Letters to the Editor, September 15, 2016

PUBLISHED : Thursday, 15 September, 2016, 4:46pm
UPDATED : Thursday, 15 September, 2016, 4:46pm

Election result shows citizens want changes

Voter turnout at the Legislative Council election on ­September 4 was nearly 60 per cent and some of the newly elected lawmakers were pro-democracy ­activists.

It was clear from the election results that most Hong Kong ­citizens want to see changes. That was why they voted in young political activists, people who are fighting for greater ­autonomy for Hong Kong.

Some veteran pro-democracy politicians lost their seats, which showed that voters feel it is time for the younger generation with their creative ideas to come to the fore, which will hopefully lead to a brighter ­future for Hong Kong.

Pro-democracy lawmakers will have the power to veto ­proposed legislation. This will make it more difficult for the government to get some ­proposed policies passed in the Legco chamber.

I think young people should be concerned more about social issues in Hong Kong, as they will be the adults working in society in a few years.

As young citizens we have a responsibility to think about the ­future.

I will certainly be registering when I have reached voting age and I hope all young people will do so, as we should exercise all the rights to which we are ­entitled.

Youngsters should not stick their head in the sand and say they only care about what is happening in their own lives.

They also need to care about what is happening in the rest of society.

Joanne Kwong Chung-ki, Yau Yat Chuen

Government has lost middle class support

Your study of those who voted for localist candidates in the Legislative Council election (“Middle-class voters get behind localists”, September 7) ­confirms, yet again, that dissatisfaction with this government is not confined to students.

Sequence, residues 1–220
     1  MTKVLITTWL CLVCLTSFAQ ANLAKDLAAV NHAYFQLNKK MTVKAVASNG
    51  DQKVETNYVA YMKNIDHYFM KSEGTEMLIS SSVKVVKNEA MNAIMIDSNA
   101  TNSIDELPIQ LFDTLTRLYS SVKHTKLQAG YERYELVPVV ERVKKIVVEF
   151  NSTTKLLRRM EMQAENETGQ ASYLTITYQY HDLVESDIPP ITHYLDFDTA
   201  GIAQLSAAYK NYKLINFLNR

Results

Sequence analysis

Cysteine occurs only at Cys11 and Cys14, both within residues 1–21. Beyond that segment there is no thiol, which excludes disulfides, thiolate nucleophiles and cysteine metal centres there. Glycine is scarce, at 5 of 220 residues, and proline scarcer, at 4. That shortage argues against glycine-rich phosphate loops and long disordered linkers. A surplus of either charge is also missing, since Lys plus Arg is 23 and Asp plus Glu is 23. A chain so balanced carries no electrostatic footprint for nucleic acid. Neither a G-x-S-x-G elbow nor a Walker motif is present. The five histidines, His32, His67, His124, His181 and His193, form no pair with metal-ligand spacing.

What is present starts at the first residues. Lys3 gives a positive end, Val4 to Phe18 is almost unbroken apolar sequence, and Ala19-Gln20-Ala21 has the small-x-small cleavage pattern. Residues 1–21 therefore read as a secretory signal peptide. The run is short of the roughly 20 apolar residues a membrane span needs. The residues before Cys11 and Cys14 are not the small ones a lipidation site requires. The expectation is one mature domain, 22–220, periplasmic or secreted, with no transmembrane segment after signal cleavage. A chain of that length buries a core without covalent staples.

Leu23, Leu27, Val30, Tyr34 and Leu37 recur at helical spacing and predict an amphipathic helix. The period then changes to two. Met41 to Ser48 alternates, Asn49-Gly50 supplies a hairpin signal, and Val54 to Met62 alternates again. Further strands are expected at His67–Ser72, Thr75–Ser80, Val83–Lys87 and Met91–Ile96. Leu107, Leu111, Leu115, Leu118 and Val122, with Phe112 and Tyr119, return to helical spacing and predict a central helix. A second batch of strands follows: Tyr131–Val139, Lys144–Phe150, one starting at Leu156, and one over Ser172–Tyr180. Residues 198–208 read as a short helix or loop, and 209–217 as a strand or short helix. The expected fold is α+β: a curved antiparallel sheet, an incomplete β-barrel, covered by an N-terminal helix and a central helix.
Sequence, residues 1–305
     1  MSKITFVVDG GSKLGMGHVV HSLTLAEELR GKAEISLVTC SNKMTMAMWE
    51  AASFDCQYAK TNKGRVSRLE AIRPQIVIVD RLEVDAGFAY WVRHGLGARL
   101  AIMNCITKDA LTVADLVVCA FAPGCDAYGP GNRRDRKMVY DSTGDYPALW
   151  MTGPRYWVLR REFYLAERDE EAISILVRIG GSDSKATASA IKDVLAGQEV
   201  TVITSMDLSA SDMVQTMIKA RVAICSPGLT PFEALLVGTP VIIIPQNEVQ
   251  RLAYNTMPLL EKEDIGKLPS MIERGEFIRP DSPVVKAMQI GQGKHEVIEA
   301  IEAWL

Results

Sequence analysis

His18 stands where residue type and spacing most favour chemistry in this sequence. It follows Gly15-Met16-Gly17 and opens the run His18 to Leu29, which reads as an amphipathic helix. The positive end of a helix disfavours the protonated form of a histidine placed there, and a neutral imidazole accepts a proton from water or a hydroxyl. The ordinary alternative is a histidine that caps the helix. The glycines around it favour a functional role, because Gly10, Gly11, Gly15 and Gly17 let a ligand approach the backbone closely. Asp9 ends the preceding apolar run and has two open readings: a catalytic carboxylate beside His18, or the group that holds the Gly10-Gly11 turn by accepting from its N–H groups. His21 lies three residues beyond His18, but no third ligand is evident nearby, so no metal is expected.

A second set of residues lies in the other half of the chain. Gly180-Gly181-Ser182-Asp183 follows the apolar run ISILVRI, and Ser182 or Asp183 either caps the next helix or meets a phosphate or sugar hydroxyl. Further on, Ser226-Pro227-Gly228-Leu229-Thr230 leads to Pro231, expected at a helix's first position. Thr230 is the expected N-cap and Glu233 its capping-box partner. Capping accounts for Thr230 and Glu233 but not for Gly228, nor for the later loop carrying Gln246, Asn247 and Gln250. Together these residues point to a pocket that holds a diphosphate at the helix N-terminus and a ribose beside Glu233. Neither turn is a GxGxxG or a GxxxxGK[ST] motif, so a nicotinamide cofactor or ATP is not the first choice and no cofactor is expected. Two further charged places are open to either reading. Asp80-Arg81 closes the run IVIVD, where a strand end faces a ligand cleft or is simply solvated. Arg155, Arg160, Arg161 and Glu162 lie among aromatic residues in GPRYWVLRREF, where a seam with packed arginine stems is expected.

As with everywhere else in the world, once the middle class gets rattled you know you’ve got problems. As the government doesn’t seem to get it, let me humbly speak on behalf of the middle class in a tone the administration will not be able to ignore.

The middle class is sick and tired of a politically amateurish chief executive, who instead of recognising he has no legitimacy with the electorate and acting accordingly, feels he has carte blanche to cause conflict with whoever he likes even when there was none before.

We despair at a supine, administratively incompetent Executive Council which couldn’t even find out who was to blame for lead poisoning in water pipes.

We wait for childcare-friendly policies that might deal with the demographic time bomb staring us in the face, but have to watch the government instead spend its energies on a silk road development strategy with countries we’ve never heard of and most definitely would never want to go to.

We listen to absurd excuses why a city with a cumulative ­surplus exceeding 75 per cent of gross domestic product can’t ­afford a universal basic pension yet see daily the grotesque sight of old people scavenging for waste paper. We see problems all around us that money could help to solve. However, we watch our tax ­dollars spent on infrastructure projects to integrate us better with the mainland, a place we see no reason to integrate with because it has none of the values we hold dear. I could go on and on.

If the government wants a view of how the election results will look in 2020, 2024 and so on, then I suggest it visit any secondary school and take a straw poll of future voting intentions.

I doubt its future supporters would exceed a statistical rounding error above zero. The government has already lost tomorrow’s middle class as well as today’s.

Lee Faulkner, Lamma